Hybrid cloud has evolved to becoming a major differentiator in today’s technology landscape. Whilst security was often touted as a major challenge for those businesses considering cloud adoption, the hybrid cloud model has ushered in greater agility and security compared to the other cloud models. Whilst hybrid cloud has emerged as the next step in the evolution of cloud computing, what do we mean when we talk about the hybrid cloud? Is it just a varied number of IT solutions offered up by vendors looking to close more sales in a very competitive environment?
The ‘hybrid’ nature usually refers to the location of the cloud, i.e. on-premise or off-premise, whether it is private or shared to some extent and even what type of services are being offered. So, in effect, a hybrid cloud refers to a mixture of on-premises private cloud resources combined with third-party public cloud resources with an accompanying level of management therein. Many businesses will seek to balance their workload mix across both on-premise and off-premise options to leverage a more efficient use of IT resources in order to meet business objectives. For organisations running diverse applications over different legacy systems, hybrid cloud is best placed to manage their complex IT landscape. Enterprises are looking to boost productivity by hosting critical applications in private clouds and applications attracting fewer security concerns than in public clouds providing environments that are secure, cost effective and scalable.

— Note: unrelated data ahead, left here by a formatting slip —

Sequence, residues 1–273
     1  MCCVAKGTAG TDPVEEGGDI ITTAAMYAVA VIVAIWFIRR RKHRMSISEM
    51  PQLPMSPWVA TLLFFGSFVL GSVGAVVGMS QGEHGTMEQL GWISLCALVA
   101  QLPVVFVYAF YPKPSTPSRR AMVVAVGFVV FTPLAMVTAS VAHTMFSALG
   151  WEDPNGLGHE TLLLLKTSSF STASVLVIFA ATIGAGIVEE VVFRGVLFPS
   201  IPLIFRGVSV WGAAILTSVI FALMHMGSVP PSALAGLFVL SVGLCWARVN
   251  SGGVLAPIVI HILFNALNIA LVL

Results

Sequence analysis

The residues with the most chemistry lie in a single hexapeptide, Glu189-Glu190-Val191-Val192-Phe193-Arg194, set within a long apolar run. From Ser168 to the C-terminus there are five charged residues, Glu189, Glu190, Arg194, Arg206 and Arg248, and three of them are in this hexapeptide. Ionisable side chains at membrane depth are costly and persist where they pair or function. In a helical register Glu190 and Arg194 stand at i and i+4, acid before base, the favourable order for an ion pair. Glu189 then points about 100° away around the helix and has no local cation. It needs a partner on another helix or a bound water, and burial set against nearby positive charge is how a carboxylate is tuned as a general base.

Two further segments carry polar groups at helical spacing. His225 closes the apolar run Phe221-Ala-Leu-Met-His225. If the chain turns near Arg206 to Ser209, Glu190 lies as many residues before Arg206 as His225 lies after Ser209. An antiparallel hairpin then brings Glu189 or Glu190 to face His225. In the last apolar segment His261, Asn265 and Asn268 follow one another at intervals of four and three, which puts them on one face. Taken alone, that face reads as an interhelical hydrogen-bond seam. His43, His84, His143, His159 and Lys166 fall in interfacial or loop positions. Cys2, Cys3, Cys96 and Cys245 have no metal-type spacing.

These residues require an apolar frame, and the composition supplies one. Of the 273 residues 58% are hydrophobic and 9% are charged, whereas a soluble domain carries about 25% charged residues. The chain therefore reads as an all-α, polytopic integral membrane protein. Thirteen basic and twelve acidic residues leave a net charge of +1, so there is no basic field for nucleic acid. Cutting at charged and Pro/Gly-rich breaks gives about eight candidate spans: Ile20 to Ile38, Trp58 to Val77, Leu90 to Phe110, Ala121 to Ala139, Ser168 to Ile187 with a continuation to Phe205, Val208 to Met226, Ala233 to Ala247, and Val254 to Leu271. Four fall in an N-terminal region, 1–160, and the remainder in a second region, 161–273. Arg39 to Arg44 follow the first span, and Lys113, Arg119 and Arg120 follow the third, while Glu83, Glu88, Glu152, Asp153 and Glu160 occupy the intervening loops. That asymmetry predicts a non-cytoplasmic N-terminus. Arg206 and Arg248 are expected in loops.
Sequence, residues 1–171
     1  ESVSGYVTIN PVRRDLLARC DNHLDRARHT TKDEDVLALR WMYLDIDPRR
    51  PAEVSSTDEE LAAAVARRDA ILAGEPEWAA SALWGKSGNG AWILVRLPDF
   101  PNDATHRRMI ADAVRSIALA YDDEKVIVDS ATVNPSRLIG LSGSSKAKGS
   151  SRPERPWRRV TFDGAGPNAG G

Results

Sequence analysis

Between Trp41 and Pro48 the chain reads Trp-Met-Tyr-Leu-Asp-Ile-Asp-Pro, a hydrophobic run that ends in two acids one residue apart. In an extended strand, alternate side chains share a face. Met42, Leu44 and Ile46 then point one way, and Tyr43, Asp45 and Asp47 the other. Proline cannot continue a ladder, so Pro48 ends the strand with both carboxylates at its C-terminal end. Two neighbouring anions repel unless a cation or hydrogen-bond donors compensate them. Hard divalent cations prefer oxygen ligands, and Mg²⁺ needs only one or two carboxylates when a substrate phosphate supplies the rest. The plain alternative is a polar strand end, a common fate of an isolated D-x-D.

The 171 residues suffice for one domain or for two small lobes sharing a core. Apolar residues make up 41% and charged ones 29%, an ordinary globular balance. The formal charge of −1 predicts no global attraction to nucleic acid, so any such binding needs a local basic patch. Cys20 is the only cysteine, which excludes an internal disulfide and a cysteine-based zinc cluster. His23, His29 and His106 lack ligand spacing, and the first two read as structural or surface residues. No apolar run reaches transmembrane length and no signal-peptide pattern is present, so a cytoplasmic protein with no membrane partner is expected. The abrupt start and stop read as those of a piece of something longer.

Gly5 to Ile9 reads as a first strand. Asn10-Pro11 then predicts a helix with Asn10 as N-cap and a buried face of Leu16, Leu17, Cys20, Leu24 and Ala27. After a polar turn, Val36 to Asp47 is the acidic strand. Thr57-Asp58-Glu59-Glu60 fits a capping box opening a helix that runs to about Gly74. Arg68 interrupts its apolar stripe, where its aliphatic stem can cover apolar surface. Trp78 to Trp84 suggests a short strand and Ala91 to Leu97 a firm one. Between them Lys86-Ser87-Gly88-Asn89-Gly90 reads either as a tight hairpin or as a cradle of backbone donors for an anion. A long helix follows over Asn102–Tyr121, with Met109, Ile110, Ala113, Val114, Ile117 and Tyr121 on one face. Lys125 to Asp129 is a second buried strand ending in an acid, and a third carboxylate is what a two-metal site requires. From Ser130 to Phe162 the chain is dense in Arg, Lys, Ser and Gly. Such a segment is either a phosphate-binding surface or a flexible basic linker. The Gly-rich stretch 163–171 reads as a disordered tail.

I see two main reasons for businesses to move to the hybrid cloud. One would be for disaster recovery purposes. You want to run your production or your environment in more than one location using more than one provider; one option that allows you to do that is running a hybrid cloud. Whether it's active or passive, you can run your environment in two locations - one in the cloud and one on premise. In this way you achieve full redundancy along with a disaster recovery plan. With hybrid cloud, companies can use the public cloud as a place to replicate their data to, whilst keeping their live data in the private cloud.
Potential compliance problems
Using the hybrid cloud to improve your disaster recovery capabilities really means that you are using cloud disaster recovery, but your live system is in a private cloud. Perhaps one of the key considerations for using hybrid cloud as a disaster recovery solution is that the recovery process is complex at the best of times and failover planning from your live site to a public cloud requires a lot of planning. A hybrid cloud approach is ultimately advantageous to an organisation’s disaster recovery strategy. When you make use of both privately managed infrastructure and the public cloud, then this allows businesses to make the most of both environments. A hybrid cloud disaster recovery can provide flexibility, and an improved user experience.